Nine years ago.
It was a raw, grey and chilly day when our alarms signaled the start of our very last morning on that campus. The campus that had loved us and nurtured us for four years. The campus where we grew up into different versions of ourselves than we were on that sticky-hot August day when it all began. We knew we were better versions of ourselves because we knew each other now and we didn't then. And better in other ways too, we hoped.
We got dressed, not daring to look each other straight in the eye for fear that the tears hovering just below the surface all weekend would once again spill over, ruining painstakingly applied makeup. These were the kinds of tears that overpowered even the most waterproof mascara. The kind that once started, would never stop.
That we were mostly all moving to Manhattan at various points over the summer didn't matter. Once there, everything would be different. Some of us would have jobs, and some of us would be in graduate school. Some of us would live together, but some of us wouldn't. The days of classes and cafeteria meals all together were mostly over. Manhattan may be a tiny island, but on that particular day, it was feeling pretty big to all of us.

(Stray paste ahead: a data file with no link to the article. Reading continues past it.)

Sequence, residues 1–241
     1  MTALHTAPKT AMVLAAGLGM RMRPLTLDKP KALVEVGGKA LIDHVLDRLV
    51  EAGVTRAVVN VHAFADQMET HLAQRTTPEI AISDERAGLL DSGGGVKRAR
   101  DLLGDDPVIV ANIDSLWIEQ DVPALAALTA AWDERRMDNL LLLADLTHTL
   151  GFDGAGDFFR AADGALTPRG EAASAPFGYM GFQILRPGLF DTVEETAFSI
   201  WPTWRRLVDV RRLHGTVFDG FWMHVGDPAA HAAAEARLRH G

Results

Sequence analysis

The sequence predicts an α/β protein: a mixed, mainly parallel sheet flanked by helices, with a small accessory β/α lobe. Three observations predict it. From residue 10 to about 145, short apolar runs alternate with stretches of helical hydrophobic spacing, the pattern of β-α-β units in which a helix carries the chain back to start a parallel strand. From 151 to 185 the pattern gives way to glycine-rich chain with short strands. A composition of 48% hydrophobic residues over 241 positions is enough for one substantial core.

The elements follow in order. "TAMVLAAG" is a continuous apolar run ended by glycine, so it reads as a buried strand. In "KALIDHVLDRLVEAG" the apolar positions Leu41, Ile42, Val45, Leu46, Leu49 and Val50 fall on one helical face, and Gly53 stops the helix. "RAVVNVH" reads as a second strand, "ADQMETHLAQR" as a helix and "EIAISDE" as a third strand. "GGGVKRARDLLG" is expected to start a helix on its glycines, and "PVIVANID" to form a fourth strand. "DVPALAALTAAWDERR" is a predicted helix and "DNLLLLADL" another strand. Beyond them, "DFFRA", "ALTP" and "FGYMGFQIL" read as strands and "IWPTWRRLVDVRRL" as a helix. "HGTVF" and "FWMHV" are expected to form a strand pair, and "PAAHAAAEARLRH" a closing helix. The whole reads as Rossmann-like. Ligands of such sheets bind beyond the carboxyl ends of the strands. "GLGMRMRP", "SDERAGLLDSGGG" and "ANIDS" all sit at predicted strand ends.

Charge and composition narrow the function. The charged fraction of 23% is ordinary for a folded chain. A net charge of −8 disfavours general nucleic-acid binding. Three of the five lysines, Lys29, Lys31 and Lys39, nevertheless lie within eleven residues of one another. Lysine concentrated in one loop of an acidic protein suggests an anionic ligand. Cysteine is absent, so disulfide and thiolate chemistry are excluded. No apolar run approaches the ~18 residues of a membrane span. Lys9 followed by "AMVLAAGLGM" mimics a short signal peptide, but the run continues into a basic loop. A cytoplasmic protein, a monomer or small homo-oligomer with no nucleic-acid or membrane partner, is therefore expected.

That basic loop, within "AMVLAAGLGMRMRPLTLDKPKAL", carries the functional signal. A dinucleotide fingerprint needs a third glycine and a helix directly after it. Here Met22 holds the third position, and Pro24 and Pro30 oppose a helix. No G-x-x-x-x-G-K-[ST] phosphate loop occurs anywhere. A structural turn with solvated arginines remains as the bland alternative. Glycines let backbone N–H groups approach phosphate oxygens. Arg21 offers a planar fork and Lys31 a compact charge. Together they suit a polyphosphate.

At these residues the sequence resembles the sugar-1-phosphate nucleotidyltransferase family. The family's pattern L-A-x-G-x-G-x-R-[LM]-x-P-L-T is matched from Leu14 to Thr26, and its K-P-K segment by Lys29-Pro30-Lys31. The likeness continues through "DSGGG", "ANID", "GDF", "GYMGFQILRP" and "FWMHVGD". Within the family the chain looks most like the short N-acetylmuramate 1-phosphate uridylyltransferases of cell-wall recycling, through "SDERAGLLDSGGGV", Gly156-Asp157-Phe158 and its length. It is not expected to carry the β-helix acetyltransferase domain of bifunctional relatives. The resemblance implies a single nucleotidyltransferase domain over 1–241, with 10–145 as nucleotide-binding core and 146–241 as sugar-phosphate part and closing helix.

When the time came we said goodbye and headed to our separate department graduations. We walked across small stages and smiled for the cameras our parents couldn't seem to put down and accepted the diplomas that were a testament to four years of hard work and classes and studying, but also to friendship, fun, and unbreakable bonds.
And then we all gathered back together to line up to march into the gym full the real ceremony. We lined up and held hands and started to walk as the first strains of Pomp and Circumstance filled the air. And we sat down in the rows and rows of chairs and half-listened to a speaker that I'm sure none of us could name today.
And when the speaker was finished and the university president pronounced us the class of 2005 the balloons began to fall.
And through the sea sea of blue and white we smiled shaky smiles at each other, wishing for just a few more years, two or three at the most, on the campus that had become our home. That had given us each other.
Today, nine years sometimes feels like nine minutes, and sometimes feels like nineteen years. We are different people now than we were on that happy-sad day. We have careers and houses and husbands and kids and we leading lives we never could have anticipated or hoped for.
But lucky for us, we are still doing it all together.
|Nine years later. Still together.|